• Wednesday, September 29, from 6 to 8 p.m., at Millsboro Town Center, 322 Wilson Highway, Millsboro.
  • Thursday, September 30, from 6 to 8 p.m., at Seaford Volunteer Fire Department, 302 King Street, Seaford.
All meetings are open to the public; masks and social distancing are required by some venues, so the public should prepare in advance to observe COVID-19 measures. County officials will be on hand, and representatives from Tyler Technologies will make a presentation to explain the various components of a general reassessment.
In addition to the in-person sessions, one virtual session featuring the same presentation will be conducted. That meeting will be held on Monday, September 27, from 2 to 4 p.m., available on any computer or mobile device by clicking here.
As part of the Sussex County project, all properties will be evaluated and re-calculated based on current industry-accepted methodologies to produce new assessments that will reflect their true value in money, a requirement under Delaware law.
Assessments, combined with a governing jurisdiction’s property tax rate, are part of the formula used to determine individual tax bills that property owners receive each year. Bills include taxes for both county and local independent school districts. Delaware law requires Sussex County to bill property owners for school taxes on behalf of the local districts. Approximately 90 percent of the typical residential tax bill in Sussex is for local schools.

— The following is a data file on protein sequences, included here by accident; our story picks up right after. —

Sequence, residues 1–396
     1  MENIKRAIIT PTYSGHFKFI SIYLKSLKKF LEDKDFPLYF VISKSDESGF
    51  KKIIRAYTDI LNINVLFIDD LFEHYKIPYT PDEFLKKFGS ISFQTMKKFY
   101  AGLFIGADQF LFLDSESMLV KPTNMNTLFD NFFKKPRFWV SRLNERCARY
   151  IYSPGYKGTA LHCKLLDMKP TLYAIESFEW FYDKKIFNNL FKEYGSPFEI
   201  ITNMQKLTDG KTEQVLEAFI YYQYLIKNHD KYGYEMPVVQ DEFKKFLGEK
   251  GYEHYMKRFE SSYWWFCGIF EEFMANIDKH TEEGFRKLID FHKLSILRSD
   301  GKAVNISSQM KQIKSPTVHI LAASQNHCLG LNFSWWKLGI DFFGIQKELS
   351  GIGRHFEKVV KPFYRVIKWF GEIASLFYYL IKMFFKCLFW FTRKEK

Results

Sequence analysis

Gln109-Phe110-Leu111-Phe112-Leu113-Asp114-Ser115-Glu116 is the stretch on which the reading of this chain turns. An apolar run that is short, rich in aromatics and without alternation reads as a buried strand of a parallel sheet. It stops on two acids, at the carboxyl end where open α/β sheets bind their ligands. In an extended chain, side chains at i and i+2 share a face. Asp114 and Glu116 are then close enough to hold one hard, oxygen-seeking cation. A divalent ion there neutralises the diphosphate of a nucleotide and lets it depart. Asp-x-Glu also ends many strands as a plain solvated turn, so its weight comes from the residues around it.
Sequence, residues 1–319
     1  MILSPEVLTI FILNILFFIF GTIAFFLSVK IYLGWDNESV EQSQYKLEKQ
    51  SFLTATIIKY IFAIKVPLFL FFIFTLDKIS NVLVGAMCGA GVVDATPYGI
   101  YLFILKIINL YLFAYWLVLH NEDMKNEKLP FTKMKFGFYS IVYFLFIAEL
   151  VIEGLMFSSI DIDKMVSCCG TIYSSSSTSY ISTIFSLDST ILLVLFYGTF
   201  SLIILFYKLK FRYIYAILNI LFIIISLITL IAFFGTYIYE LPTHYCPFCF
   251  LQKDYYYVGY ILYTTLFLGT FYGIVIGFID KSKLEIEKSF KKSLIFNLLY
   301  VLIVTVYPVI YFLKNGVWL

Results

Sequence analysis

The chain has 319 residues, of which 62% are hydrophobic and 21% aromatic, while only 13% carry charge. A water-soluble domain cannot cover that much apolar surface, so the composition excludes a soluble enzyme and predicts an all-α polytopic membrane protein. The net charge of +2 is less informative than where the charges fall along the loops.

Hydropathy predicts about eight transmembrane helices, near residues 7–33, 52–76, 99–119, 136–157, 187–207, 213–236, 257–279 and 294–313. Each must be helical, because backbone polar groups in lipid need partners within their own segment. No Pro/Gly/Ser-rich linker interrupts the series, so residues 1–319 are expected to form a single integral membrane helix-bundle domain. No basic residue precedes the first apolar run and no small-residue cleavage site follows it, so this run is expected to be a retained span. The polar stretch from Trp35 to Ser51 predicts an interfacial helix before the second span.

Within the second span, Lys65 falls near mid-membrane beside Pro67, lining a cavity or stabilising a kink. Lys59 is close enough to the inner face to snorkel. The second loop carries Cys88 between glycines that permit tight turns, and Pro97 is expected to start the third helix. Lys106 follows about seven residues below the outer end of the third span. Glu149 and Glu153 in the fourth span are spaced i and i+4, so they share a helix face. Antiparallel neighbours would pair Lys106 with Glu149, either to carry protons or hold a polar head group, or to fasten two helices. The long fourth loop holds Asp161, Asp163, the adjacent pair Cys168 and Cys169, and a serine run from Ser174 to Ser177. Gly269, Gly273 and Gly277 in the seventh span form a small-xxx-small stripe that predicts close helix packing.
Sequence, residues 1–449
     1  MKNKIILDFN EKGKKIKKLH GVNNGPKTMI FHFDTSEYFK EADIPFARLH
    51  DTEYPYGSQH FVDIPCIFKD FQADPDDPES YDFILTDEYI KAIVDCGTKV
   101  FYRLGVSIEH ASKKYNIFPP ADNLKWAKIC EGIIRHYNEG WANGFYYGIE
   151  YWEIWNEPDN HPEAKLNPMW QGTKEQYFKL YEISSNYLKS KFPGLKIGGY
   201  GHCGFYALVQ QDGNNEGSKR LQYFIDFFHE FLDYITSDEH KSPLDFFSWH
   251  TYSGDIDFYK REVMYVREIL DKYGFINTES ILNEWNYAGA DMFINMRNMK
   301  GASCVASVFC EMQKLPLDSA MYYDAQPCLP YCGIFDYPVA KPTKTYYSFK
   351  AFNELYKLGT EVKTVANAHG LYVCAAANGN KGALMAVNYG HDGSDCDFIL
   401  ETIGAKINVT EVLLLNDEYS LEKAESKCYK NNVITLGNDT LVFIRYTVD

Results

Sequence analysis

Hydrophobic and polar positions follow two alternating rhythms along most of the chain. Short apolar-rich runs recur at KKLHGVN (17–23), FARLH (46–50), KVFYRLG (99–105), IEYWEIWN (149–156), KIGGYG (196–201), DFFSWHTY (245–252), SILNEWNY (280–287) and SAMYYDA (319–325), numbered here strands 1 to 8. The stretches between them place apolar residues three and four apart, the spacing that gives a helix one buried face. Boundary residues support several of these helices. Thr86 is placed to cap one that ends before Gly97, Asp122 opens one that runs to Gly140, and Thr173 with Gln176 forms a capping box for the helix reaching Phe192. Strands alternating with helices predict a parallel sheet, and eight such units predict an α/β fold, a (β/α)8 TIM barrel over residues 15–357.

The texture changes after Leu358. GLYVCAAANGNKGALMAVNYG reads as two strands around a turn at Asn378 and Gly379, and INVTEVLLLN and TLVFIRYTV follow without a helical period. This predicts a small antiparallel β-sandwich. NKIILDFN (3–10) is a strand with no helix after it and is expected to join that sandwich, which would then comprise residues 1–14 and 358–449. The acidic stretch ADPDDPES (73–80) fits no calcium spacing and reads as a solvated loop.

County officials will provide additional updates as the reassessment process unfolds in the months ahead. For more information on the process, including a helpful Q&A section, visit
Delaware Bankers Say Proposed Federal Rule Could Endanger Citizen Privacy
The Delaware Bankers Association maintains that citizens' privacy could be compromised by a proposed federal rule change and it is urging Delaware's Congressional delegation to oppose it.

Association President & CEO Sarah Long made the plea in a recent letter sent to U.S. Senators Tom Carper & Chris Coons and U.S. Representative Lisa Blunt Rochester.

"The Delaware Bankers Association is strongly opposed to a proposal under consideration...that would create new tax information reporting requirements for financial institutions," Ms. Long said in the September 9th letter.

Intended to identify people attempting to avoid federal taxes, the proposal would require financial institutions and other providers of financial services to track and submit to the IRS information on the inflows and outflows of every account exceeding an annual $600 threshold.